African American DNA Research Forum
my maternal haplogroup is L3d1-5
Hi, my name is Jason Mabie. I just received my initial results from 23andme (it says step 5 of 6, so the remaining results will come in any day now), and my maternal haplogroup is L3d1-5; the same as some of the people posting here!
I finally have, at 31 years old, genetic proof that I am an African-American! My mom's side of the family is from Louisiana, and moved here to southern California in the mid 60's (due to daily oppression, segregation, and terrorism wrought by ludicrous, hateful, and ignorant whites in the Ku Klux Klan-heavy area of Louisiana that they lived).
Because they're mulatto (Louisiana creole), they have a good deal of European features (noses, foreheads, brows, lips).
They also uniformly display some African features (dark brown eyes, black curly hair--a couple of my aunts have straight hair, but all of the rest have hair that's very curly but juuust not tight enough curls to easily identify it as African. Close though--, and high cheekbones).
My mom's side of the family, sadly, and most likely because of the terror they experienced as children before they moved to California, have NEVER talked about their ethnicity. Some of them (my mom, and three of her six sisters) have fairly dark skin pigmentation, but I don't think that if I saw them for the first time I would say that they were definitely African-American...I also wouldn't definitely say that they're Caucasian. My mom's other 3 sisters and 1 brother are much lighter and probably do pass for Caucasian for people meeting them for the first time, though they still possess the dark brown eyes, high cheekbones, etc.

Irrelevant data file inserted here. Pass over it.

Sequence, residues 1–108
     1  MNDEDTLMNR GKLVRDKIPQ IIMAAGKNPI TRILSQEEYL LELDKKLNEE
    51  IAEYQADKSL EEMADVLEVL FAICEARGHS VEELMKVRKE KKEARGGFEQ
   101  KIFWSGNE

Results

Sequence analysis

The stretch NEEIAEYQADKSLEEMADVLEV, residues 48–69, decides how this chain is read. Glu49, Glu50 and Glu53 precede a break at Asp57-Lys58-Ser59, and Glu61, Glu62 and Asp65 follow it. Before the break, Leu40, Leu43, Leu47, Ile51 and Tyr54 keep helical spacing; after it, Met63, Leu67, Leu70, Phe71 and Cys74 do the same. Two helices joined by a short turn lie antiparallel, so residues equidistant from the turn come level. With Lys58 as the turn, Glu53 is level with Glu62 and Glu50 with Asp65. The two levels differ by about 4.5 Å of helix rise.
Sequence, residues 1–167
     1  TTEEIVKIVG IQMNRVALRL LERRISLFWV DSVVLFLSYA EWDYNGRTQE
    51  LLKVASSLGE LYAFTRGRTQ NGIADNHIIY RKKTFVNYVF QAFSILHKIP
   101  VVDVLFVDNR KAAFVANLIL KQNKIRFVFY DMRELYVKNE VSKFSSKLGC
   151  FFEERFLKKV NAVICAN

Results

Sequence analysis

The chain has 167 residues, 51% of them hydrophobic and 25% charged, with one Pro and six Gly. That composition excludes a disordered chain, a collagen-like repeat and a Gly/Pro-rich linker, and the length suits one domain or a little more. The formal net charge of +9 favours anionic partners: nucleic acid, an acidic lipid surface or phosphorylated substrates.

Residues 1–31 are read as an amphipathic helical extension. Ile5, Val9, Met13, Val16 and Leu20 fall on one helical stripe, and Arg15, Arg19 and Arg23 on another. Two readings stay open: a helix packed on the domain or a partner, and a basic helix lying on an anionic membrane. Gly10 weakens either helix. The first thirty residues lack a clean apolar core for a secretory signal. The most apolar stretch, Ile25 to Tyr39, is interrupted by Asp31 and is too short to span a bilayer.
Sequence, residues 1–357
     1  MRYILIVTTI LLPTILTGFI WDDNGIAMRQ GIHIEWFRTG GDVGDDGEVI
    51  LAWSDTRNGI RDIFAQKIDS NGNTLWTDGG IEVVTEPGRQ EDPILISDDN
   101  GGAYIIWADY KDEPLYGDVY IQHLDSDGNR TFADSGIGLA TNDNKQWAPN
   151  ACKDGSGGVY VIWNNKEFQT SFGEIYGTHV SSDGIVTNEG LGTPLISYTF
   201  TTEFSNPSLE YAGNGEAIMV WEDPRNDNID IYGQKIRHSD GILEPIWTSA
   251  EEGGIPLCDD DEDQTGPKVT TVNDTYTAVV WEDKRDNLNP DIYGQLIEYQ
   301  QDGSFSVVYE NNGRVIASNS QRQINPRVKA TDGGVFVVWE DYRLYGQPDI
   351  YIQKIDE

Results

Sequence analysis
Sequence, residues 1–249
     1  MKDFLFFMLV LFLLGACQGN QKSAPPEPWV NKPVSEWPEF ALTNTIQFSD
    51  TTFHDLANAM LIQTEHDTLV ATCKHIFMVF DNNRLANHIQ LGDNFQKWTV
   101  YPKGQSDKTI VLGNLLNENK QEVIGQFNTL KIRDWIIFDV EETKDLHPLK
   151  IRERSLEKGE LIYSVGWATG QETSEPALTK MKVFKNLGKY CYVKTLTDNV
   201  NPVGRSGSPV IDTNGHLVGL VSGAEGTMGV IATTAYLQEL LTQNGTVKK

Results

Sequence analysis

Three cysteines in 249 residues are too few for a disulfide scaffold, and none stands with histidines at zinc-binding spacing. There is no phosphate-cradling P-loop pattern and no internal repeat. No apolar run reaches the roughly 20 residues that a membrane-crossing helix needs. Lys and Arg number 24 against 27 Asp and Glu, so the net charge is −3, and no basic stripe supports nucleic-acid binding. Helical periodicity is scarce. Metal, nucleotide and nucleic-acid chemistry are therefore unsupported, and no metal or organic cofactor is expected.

Because of the fact that no one was ever open about our ancestry because they denied it, never explained why some of them have mocha or darker skin, and why- even though all of my aunts/uncles married Caucasian partners- several of their children (my cousins) have mocha skin and tight curly hair...because of this, I've always been confused about what exactly my lineage is. As a child growing up among my big, loving family, my curiosity grew with every passing year as I hugged and gave/received presents at Christmas from my aunts- because I was so curious, I couldn't help but notice how much darker some of them were than I was...and I'm the type (UC Berkeley graduate nerd) that does extensive research projects to satiate my curiosity about a subject. But when I was young, I hadn't quite learned how to research correctly, so I was left confused with ever-growing curiosity about our genetic ancestry.
It interested me so much that I made Ethnic Studies my minor at Cal, taking African-American Studies, African Studies, Slavery in America, U.S. History (from 1609 to Reconstruction), and Sociology 121 (Class and Race Discrimination in America (from the Civil Rights Act to 2003). I LOVED learning about what I knew by that time, at least in my heart, were the people and culture from which I was descended.
Finally today I KNOW FOR CERTAIN and have an ANSWER to the questions that brought about such confusion for so many years: We are, definitively, African-American. I KNEW it! I guess the answers to the questions that we have to wait the longest to receive are ultimately the most exciting! GO HAPLOGROUP L3D1-5!!!
YOUTUBE VIDEO: PERFORMING "SHOUT" IN WHEELER HALL